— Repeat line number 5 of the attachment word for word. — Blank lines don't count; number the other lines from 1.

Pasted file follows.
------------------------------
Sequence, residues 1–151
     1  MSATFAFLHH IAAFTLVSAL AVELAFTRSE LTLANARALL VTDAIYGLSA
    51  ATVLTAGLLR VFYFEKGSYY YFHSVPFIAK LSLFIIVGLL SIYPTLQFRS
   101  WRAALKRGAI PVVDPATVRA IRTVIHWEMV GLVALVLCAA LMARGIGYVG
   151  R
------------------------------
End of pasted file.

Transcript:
   151  R